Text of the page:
Ancient Greeks: 7 Ways to Fall in Love

All you need is love — and according to the Ancient Greeks, there are many different kinds of love. Just in time for Valentine’s Day, find out about the 7 kinds of love and their meanings, and how to apply them to your life!


 

Love: Ancient vs. Modern

Love. What did the Ancient Greeks say about love? They had many different names and meanings for love, and most likely, more than one of them can be applied to your life right now. This Valentine’s Day, many will celebrate by showering their significant others with love. Others, unfortunately, will despairingly focus on the loves they DON’T have or wish they had. Fortunately, thanks to the ancients, if you’re one of the former, don’t despair!

The English language has only one word to describe the multifaceted dimensions of this feeling. The ancient Greeks, in pursuit of wisdom and self-understanding, had at least seven different names and meanings. And while today’s Valentine’s Day seems to focus only on one type of love (what we know as romantic), knowing the ancients different forms of loves, can help everyone celebrate and form a deeper connection with those around us.

Let’s see what the ancients had to say about love.

 

Ancient Greeks 7 kinds of love
Ancient Greeks identified 7 different kinds of love. IMAGE: PIXABAY.COM

 

Ancient Greeks: 7 types of love

1. Eros (sexual passion)

Named after the Greek god of fertility, eros represents the idea of sexual passion and desire. It’s the type of love many adults think of when celebrating Valentine’s Day and is generally viewed as positive. Ancients believed that it was a beautiful and idealistic form of love, particularly in the “spiritually mature.” To maintain itself, eros needs to constantly be cultivated and fanned through one of the deeper forms of love listed below.

There is a dark side to eros as well. It can be dangerous, fiery, and irrational. It was believed that it could even possess you! It’s considered a primal and powerful fire that burns out quickly. Additionally, it can also involve a “loss of control” through the “primal impulse to procreate.”

 

2. Philia (deep friendship)

Friendship, called philia, is about showing loyalty to your friends, and sacrificing for them, as well as sharing your emotions with them.

The ancient Greeks valued philia far above eros because it was considered a love between equals. It’s a love without physical sexual attraction and often felt among friends who’ve endured hard times together. Feelings of loyalty among friends, camaraderie among teammates, and the sense of sacrifice for your pack are all examples of philia.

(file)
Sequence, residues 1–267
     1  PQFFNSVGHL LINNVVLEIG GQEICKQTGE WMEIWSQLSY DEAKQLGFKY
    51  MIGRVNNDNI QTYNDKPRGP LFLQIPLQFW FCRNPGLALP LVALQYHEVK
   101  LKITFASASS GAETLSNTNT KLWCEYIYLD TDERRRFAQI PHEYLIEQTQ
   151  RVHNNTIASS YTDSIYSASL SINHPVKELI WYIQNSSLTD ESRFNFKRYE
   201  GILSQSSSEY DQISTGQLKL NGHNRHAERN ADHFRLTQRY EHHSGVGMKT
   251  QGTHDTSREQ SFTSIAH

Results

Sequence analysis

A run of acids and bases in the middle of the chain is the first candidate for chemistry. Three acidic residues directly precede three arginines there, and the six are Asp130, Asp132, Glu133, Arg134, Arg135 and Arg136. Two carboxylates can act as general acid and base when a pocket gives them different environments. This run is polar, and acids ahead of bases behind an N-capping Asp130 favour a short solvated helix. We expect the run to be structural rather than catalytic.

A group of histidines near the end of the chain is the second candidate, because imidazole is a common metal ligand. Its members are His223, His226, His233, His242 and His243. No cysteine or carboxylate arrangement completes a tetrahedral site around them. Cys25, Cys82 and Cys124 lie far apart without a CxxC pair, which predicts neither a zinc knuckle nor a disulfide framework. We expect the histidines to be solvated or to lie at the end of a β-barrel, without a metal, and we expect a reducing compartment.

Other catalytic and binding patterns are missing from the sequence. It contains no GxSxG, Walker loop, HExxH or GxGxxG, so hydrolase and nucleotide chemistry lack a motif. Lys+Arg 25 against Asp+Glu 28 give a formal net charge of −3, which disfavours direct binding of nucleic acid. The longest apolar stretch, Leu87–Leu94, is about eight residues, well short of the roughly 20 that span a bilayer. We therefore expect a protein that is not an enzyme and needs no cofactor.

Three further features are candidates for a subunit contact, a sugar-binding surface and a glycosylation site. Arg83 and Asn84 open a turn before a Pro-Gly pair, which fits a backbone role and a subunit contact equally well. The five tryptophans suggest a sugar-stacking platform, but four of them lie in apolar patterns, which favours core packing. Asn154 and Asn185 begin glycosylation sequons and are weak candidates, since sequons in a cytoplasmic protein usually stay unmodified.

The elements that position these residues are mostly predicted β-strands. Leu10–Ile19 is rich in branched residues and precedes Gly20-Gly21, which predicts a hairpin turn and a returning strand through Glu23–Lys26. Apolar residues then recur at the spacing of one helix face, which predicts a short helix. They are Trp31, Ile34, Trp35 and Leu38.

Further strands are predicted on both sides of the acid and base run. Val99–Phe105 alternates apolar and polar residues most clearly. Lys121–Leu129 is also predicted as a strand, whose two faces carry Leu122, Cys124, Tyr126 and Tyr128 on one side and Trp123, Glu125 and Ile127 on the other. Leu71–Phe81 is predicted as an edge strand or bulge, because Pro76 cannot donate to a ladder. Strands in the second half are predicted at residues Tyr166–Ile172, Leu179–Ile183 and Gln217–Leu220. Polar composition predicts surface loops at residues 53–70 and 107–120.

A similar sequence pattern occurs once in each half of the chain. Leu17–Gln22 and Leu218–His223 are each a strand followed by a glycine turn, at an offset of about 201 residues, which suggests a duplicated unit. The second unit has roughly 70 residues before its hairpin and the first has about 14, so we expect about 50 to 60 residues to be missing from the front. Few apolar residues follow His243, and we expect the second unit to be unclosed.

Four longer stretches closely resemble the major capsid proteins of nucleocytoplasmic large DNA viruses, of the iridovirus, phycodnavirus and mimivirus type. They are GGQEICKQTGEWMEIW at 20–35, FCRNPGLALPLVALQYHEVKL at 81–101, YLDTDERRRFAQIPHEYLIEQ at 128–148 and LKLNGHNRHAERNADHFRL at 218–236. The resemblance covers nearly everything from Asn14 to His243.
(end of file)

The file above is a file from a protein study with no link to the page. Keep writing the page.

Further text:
3. Storgi (familiar love, sometimes referred to as philia)

Although storgi closely resembles philia in that it is a love without physical attraction, storgi primarily characterizes kinship and familiarity and the love found between parents and children. Storgi can also be found among childhood friends that is later shared as adults.

Storgi was considered a powerful form of love but can also become an obstacle in our personal development, particularly when our family or friends don’t align with or support our journey. When we express mere acceptance, or putting up with situations, as in “loving the tyrant” we demonstrate storgi love. This type of love can also be used when referencing the love for one’s country or a favorite sports team.

 

4. Ludus (playful love)

This type of love refers to the affection between children or young lovers; the teasing in the early stages of a relationship. It’s that feeling we have when we go through the early stages of falling in love with someone, e.g. the fluttering heart, flirting, and feelings of euphoria. It can be seen in the traditional classroom Valentine cards that are often passed out every year. Ludus can be seen when we sit around in a bar and/or drinking coffee with friends, laughing and having a good time.

Ludus is an essential ingredient that is often lost in long-term relationships. It’s a type of love that needs to be actively maintained.

 

FUN FACT: Ever wonder where the statement of finding your “other half” originated from? Greek mythology of course! Grossly oversimplified, the myth describes three kinds of human beings: male, descended from the sun; female, descended from the earth; and androgynous, with both male and female elements, descended from the moon. Each human being was completely round, with four arms and four legs, two identical faces on opposite sides of a head with four ears, and all else to match. They walked both forwards and backwards and ran by turning cartwheels on their eight limbs.